Four, short years ago we announced we were watching the spread of another invasive into the state of Iowa. The European paper wasp, Polistes dominula, was first reported in the US in 1978 near Boston, but it was slow to gain our attention until this decade. In August, 2012 we reported it as relatively new to the state. Now, in July, 2016, it seems to be everywhere and in some areas it is the only wasp seen around the house.
The photo below shows the distinctive characteristic of the elongated body, the yellow-and-back coloration, the folded wings, and most importantly, the orange antennae. No other of the approximately 300 species of related wasps has mostly orange antennae.
European paper wasps are very well adapted to live around human habitations. They prefer to build their open-comb paper nests (see below) in cavities, which, unfortunately, includes holes in foundations, soffits, etc.
Wasp control is best done at night by treating the nest with insecticide. If the nest is in the open, the long-distance wasp and hornet aerosol sprays work well. If the nest is in a cavity we suggest applying an insecticide dust into the nest opening, though a wasp and hornet aerosol spray may work just as well if the nest is near the opening.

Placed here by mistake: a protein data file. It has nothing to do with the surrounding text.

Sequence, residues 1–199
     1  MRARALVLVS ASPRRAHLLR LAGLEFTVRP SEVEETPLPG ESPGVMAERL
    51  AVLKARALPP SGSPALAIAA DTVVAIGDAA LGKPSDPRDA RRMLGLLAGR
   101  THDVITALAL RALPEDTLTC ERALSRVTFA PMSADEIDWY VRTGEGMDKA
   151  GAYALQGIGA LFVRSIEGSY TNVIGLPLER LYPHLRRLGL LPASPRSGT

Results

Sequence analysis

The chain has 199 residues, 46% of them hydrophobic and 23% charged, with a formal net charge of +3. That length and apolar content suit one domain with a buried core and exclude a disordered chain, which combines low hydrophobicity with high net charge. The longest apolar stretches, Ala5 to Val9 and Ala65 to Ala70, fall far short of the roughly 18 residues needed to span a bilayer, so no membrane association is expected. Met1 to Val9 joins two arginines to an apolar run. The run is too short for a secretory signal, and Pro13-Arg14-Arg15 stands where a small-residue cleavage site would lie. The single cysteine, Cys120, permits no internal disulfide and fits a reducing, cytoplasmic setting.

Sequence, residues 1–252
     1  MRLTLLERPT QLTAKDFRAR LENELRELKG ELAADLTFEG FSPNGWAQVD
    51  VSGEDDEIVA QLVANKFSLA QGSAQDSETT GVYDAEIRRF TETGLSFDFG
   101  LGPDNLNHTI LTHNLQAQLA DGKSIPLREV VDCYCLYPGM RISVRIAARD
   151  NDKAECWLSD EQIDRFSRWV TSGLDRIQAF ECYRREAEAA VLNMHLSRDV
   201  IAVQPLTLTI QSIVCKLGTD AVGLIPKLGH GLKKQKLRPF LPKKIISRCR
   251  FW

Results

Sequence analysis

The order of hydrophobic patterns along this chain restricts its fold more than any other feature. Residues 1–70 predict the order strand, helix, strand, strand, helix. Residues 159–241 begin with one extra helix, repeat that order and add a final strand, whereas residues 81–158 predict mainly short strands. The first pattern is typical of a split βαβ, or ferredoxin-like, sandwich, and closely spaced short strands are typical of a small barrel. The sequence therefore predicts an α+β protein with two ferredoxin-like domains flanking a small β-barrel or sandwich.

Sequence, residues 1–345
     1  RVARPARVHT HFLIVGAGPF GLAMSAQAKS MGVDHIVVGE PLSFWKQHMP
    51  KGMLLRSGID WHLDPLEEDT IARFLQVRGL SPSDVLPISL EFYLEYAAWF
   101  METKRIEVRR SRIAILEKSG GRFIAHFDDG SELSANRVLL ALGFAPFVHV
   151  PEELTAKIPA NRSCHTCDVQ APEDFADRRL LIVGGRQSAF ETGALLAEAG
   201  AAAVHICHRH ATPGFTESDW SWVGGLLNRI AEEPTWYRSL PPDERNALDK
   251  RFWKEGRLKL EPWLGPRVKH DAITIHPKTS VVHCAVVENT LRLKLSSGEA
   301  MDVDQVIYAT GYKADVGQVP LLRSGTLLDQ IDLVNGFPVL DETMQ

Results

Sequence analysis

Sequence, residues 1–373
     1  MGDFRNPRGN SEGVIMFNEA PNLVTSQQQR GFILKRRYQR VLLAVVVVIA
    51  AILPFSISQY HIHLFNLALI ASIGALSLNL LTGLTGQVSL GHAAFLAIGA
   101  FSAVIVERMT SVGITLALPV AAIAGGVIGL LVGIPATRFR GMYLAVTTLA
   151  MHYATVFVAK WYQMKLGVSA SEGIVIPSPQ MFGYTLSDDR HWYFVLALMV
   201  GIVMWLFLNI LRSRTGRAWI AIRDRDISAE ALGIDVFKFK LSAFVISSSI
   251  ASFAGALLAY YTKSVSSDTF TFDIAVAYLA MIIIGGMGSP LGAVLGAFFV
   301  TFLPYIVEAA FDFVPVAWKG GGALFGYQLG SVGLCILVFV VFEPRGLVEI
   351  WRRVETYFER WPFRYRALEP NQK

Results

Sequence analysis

There are two disconcerting trends now surfacing with this new invader species:
One. Because of its high rate of reproductive increase, its early start in the spring, a varied diet and the habit of building nests in protected locations, the European paper wasp has competitively displaced native wasp species in some areas.
Two. The European paper wasp is such an efficient and effective hunter and predator of caterpillars in the urban environment that it may be contributing to the decline of butterfly populations. According the Whitney Cranshaw, Colorado State University Entomologist, the European paper wasp "is devastating to essentially all species of yard and garden Lepidoptera." Predation of cabbageworms, hornworms and other pests from urban gardens would be a welcome biological control. However, loss of butterfly caterpillars such as parsleyworms and monarchs is a blow to butterfly gardening. Again, Whitney Cranshaw; " Far too often, I have seen butterfly larvae enticed to develop in my garden get turned into bug burger by Polistes dominula, and I can't take it anymore; breaks my heart."
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